A less publicized but nevertheless sensationalized story in August 2022 discussed the first trans person incarcerated by the Vermont Department of Corrections (DOC) receiving gender-affirming surgery. While the coverage did center around an interview with a trans woman, it did not address how people who are incarcerated are often incapable of saying certain things for fear of retribution, and WCAX did not quote any trans people who were not under DOC control. On top of this, WCAX included the cost of care for the woman but did not offer any context for how much incarcerating her for several decades costs, making it appear as if taxpayers were unduly burdened with this unique cost.
Lastly, WCAX’s most egregious coverage of a trans teenager who was bullied out of a high school changing room in Randolph ricocheted across reactionary and fascist media. At first the station’s manager, Roger Garrity, refused to apologize for the very one-sided coverage which took the words of bigoted teens at face value. Once the story bounced around every right-wing media outlet in the country, WCAX deleted the story, refusing to retract or apologize for the story. Outright Vermont’s statement on the dangerous reporting offers a very succinct criticism about how local media should “avoid inexcusable platforming of baseless opinion at best and lies at worst.”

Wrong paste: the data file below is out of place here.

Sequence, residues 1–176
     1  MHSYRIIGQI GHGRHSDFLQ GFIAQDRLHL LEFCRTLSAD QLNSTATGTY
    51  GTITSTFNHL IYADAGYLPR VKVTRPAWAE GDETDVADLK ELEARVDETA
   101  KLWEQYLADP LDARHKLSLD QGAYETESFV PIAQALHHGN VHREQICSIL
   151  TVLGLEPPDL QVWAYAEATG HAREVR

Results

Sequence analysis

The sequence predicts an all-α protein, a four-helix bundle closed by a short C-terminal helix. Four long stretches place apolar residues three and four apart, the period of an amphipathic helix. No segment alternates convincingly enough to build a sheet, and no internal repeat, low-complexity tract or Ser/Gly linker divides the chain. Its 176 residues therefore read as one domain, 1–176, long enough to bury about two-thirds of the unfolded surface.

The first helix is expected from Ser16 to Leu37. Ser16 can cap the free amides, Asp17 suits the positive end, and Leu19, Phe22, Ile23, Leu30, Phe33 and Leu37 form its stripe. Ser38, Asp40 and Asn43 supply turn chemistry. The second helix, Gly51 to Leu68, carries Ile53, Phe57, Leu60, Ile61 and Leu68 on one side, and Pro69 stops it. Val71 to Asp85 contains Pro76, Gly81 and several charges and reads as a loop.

VTDigger’s coverage of trans people and issues facing them in the last year has declined severely. In 2021 and early 2022, the publication had good pieces looking at service-based discrimination regarding gender-conforming clothing, interviews exclusively with trans people, and an article focusing on two Vermont trans student athletes. When it comes to writing about bigots, VTDigger has fared quite poorly, seemingly unable to keep local actions within the national context of violence and intimidation or approach articles from a transgender-centered lens.